It was at once a victory lap and a to-do list, an opportunity to shape a legacy in the midst of a legacy-making year. It was a farewell address that provided a plan for the future even as the national conversation has already shifted to those auditioning to deliver next year’s speech.
Mostly, Barack Obama’s final State of the Union address was an enjoining of the 2016 campaign and a progressive vision from a president who wants to ensure the preservation of his legacy.
It was a rebuttal to the negativity heard on the campaign trail – not just from Republicans, of whom that is expected, but even from Democratic candidates who are loathe to criticize the president directly while nevertheless promising to do better.
As a campaign speech, it was one of his finest.
A self-laudatory speech, it was also an acknowledgement that the gains the country has made under the Obama administration will necessarily have to be reinforced by a Democratic successor.
Yes, this administration has presided over 70 consecutive months of private sector job growth, including adding more net jobs in the last 12 weeks than were added in the last 12 years of Republican administrations. Millions more have health coverage thanks to the Affordable Care Act – legislation so anathema to Republicans that they have voted to repeal it over five dozen times. Civil rights have been expanded, over the objections of many in Congress.
These accomplishments will not be easily undone but only a Democratic successor can build upon most of them, which is why this address resembled a political campaign speech in tenor as well as in tone.
It was not an accident that the speech dwelled largely on issues that resonate with the coalition of voters the next Democratic nominee hopes to capture: the focus on better-paying, sustainable jobs and economic security; better access to early-childhood, STEM and college education; entitlement protection; expanding health care treatments, including cancer research; combating climate change.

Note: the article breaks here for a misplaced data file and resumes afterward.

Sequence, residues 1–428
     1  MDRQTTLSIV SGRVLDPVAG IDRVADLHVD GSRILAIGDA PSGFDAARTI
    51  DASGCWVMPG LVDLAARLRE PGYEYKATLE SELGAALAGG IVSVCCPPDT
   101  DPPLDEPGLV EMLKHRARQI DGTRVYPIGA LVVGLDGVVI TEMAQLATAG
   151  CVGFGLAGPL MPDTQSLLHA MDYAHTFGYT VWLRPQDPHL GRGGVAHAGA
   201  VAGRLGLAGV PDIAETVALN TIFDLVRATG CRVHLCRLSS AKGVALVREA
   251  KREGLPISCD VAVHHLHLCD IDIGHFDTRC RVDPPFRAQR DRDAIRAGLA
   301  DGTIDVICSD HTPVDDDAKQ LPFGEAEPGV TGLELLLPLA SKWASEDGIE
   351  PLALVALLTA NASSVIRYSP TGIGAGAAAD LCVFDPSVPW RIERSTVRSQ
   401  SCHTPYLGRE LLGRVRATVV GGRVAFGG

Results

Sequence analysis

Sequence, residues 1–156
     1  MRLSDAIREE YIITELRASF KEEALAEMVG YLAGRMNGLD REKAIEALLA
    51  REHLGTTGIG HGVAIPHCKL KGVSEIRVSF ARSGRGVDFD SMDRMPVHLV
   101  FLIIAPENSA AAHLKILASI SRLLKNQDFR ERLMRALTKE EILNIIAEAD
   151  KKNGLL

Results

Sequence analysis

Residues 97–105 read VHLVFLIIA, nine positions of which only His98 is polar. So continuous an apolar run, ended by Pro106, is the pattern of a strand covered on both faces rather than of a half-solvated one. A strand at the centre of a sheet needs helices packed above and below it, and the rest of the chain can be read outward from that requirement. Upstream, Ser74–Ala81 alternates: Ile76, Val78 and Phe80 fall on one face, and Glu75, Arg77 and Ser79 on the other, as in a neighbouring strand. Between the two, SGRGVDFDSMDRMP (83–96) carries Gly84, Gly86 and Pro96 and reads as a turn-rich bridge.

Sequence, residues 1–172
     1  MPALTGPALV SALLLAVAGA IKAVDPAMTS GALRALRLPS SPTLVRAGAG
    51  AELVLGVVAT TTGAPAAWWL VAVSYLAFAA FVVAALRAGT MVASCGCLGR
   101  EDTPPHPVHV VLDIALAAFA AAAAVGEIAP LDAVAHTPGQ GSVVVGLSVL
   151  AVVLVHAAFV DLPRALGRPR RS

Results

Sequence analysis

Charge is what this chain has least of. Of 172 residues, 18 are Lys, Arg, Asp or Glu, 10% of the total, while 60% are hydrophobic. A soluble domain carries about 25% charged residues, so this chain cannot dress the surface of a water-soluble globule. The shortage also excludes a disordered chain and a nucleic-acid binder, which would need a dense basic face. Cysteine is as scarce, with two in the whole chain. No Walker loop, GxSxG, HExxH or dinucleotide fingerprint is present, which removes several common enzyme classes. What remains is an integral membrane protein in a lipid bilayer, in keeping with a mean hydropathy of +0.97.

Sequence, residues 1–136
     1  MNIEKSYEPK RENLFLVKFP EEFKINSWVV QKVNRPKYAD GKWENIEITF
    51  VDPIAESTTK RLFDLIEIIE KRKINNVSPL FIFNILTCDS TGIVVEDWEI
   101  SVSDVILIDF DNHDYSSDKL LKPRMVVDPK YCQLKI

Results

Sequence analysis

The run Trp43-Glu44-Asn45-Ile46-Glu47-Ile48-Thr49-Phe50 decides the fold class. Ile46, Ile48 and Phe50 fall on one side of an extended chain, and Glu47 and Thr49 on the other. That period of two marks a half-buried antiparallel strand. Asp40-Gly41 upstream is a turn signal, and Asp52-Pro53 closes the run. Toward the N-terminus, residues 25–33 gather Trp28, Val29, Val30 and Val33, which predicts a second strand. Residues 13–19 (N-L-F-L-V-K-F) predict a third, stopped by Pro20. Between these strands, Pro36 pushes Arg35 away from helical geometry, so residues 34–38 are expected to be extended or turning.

Democrats and Republicans have longed disagreed on what they consider to be the most pressing issues facing the nation and this speech reflected that rift. Republicans consistently cite homeland security as their top concern; for Democrats, terrorism ranks far behind jobs and the economy.
And that is why the president’s words regarding the relative danger posed by terrorists will be heard so differently by Democrats, who consider it less of a threat than gun violence, and by Republicans, who are most anxious about terrorism. As a political document, the president’s speech accomplished its goal, even if it did not reassure his critics.
But despite the president’s powerful appeal to a common citizenship, it was not only his emphasis on particular issues that belied his call for unity. And the challenges facing the nation were not just outlined from the podium.
They were apparent in the theater that always surrounds the State of the Union – from the first lady’s guests, who included a Syrian refugee and the plaintiff in the case that enshrined marriage equality as the law of the land – to the presence of Kim Davis , elsewhere in the chamber, the controversial county clerk from Kentucky (invited by a member of Congress who wished to remain anonymous), who refused to issue marriage licenses to same-sex couples.
They were present in the Muslim constituents who accompanied many legislators to the speech and in the two nuns from a Catholic order challenging the Affordable Care Act’s contraception mandate.
And they were hauntingly reinforced by the empty chair in the first lady’s box, set aside in memory of the 30,000 victims who die every year from gun violence.
Each of these represented not just the divisions in Washington but served as a silent rebuttal to candidates running to deliver next year’s State of the Union speech.
Tellingly, they also underscored the divisions found in communities all across the country, where political disagreements have morphed into something more ominous and personal, where gerrymandering has largely ensured that politically minded people now rarely live among those with whom they substantially disagree.
As President Obama noted Tuesday night, the state of the union is strong. But it is also as divided today as it has ever been. And, despite his call for common citizenship, the prognosis for a more unified government looks as bleak for the next administration as it has been under this one.
It is not that we are not on the same page as a nation. As the president said, that is to be expected in a country this large and diverse.
It is that we can no longer even agree on whether the words on the page are written in the same language.